What's Stirring, Late August, 2016
Really, nothing should be stirring in this superhuman heat. But plants keep growing, even if they are stressed, and their human friends keep on harvesting/weeding/watering/marketing. Farming at this moment might be defined, in part, as "surviving in inhumane conditions." Some observations and events:
1. Mark and Velvet Henkle of Henkle's Herbs & Heirlooms in Nicholasville added an additional hoop house to their collection of season extension facilities this year. Hoop houses, also known as high tunnels, make it possible for Mark and Velvet to keep their extraordinary peppers, tomatoes and herbs producing during more months of each year. I learned about the new hoop house at today's Lexington Farmers Market when my eyes went wide at Velvet and Mark's late summer svelte-ness: both have simply worked so many hours, in enough heat, to use up dozens of pounds of stored energy.
Farmers=my heroes, especially the farmers who think way into the future, building soil and caring for their land, water and air in ways that benefit all of us.
2. Conversations are the second main point of farmers' markets. In an excellent conversation this morning with Dr. Greg Davis, host of the popular, useful Dr. Greg Davis on Medicine on our vital NPR-affiliate, WUKY, I learned about someone who works creatively to engage farmers in caring for their own health and their families' wellbeing. Last week Dr. Davis featured Professor Deborah Reed, Ph.D., of the University of Kentucky College of Nursing, who has developed a readers' theater that farmers put on for each other at a dinner event devoted to improving farmers' health and safety. There are many aha moments in the short 5.5 minute podcast and accompanying story, but how about this argument for protection from sun?
"Farmers are missing the tops of their ears because they wear baseball caps instead of wide-brim straw hats like we all used to do."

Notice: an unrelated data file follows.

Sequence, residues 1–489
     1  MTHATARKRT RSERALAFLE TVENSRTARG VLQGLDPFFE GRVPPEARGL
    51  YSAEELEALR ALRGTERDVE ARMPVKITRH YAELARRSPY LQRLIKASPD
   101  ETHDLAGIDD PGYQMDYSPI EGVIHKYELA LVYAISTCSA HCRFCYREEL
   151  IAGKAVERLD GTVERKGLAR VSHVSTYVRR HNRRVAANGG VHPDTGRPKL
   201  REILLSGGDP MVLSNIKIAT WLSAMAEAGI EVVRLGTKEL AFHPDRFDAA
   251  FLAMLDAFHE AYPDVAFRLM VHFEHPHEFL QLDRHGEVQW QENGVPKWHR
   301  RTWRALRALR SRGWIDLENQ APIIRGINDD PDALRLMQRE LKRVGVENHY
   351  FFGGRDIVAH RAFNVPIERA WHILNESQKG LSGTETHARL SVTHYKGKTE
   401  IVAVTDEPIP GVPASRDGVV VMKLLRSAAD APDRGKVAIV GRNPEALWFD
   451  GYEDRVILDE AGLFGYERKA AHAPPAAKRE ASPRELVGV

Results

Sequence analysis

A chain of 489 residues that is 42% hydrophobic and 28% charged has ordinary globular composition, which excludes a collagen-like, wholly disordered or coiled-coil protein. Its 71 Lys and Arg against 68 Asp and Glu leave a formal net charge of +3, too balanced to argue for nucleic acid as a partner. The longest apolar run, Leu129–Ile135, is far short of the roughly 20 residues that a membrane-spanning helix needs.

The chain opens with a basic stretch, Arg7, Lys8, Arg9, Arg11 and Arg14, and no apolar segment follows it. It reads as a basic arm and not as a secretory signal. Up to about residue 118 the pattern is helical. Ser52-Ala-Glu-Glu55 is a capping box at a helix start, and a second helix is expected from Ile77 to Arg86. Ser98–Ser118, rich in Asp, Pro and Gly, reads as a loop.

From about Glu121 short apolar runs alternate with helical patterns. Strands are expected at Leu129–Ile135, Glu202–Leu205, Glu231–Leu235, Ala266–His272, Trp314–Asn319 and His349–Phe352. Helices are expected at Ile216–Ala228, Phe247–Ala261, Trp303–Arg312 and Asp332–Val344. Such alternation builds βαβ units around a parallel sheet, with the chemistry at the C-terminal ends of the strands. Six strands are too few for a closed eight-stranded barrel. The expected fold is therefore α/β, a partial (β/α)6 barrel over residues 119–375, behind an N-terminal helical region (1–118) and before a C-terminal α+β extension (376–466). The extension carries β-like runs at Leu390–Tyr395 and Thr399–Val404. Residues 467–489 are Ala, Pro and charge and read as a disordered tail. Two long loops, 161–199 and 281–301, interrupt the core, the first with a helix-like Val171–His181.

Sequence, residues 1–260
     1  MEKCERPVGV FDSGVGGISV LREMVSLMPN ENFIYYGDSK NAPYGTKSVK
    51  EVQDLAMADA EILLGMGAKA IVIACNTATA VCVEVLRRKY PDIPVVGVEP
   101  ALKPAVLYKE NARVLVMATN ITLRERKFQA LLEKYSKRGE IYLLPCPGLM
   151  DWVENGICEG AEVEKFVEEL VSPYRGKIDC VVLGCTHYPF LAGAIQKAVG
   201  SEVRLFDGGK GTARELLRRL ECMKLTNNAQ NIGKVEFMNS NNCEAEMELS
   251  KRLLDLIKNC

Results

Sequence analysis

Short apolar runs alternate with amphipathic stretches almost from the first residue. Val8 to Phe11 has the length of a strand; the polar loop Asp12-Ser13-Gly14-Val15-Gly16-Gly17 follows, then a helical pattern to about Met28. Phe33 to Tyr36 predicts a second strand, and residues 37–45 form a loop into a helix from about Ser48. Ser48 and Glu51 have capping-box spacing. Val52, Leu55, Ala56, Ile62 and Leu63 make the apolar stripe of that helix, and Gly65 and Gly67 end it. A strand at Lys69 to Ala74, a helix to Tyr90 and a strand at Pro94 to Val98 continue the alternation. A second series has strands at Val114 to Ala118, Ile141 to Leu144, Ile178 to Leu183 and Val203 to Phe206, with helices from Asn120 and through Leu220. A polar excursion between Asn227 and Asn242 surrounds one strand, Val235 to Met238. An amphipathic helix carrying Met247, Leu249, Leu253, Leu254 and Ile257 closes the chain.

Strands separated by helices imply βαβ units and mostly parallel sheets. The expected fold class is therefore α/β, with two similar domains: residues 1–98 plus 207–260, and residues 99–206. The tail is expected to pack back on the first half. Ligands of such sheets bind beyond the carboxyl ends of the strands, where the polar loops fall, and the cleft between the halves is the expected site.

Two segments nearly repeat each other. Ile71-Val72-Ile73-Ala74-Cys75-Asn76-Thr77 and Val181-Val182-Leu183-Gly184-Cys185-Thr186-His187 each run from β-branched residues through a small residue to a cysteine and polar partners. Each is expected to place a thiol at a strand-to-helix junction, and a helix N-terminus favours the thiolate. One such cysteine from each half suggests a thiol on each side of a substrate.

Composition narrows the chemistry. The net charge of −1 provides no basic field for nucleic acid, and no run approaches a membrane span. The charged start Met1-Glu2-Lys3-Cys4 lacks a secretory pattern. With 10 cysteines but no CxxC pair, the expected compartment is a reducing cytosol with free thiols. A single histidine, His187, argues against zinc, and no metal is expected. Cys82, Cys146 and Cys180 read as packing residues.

3. Those of us who live in the Commonwealth can all live in an agricultural paradise called Kentucky—if we support our farms and farmers properly. CSA memberships (purchasing an upfront share of a farm's upcoming season's harvest) may help food-producing farms the most. (Search Local Harvest for CSAs near you.) Other ways to make a difference with our dollars: shop at farmers' markets and roadside stands. Ask your local groceries to do the extra work of bringing locally grown foods into their stores. Pay what farmers ask; they know what it costs to produce their food.
Aaaaaand --- how about going to this delicious upcoming Fayette County Farm Bureau Farm to Table dinner on September 9? It's on a farm—Walnut Lawn Farm on Military Pike in Fayette County. This dinner supports Bluegrass Double Dollars, which makes healthy, locally grown food affordable for people who receive SNAP benefits (food stamps), improving their health and boosting local farm income at the same time.
Lots of details here, from the event page:
We are excited to announce the First Annual Fayette County Farm Bureau Field to Table Dinner on September 9th at Walnut Lawn Farm in Lexington, KY! This four course family style meal will be created and served by the culinary talents of The Sage Rabbit and Sullivan University. Each dish will celebrate the hard work and unique products of Clark Family Farm, Teal Tractor CSA, Rolling Blue Farm, Elmwood Stock Farm, Rosemont Bakehouse and Bellaire Blooms among others. The event will also feature beverages from West Sixth Brewery and Talon Winery. Ticket cost is $75 per person which includes a $35 tax-deductible donation to Bluegrass Double Dollars (www.bgfarmtotable.org/double-dollars/). This program directly benefits Kentucky farmers and improves our community’s health by making local produce more affordable for food-insecure families in Lexington. Come enjoy a delicious meal, live music, and great conversation at the heart of a 6th generation family farm. We are grateful for your support of local farm families and look forward to seeing you at the table!
In the kitchen during these hot days, we all turn to cool dishes to stir up. Two of my all-time favorites, neither requiring turning on a single burner: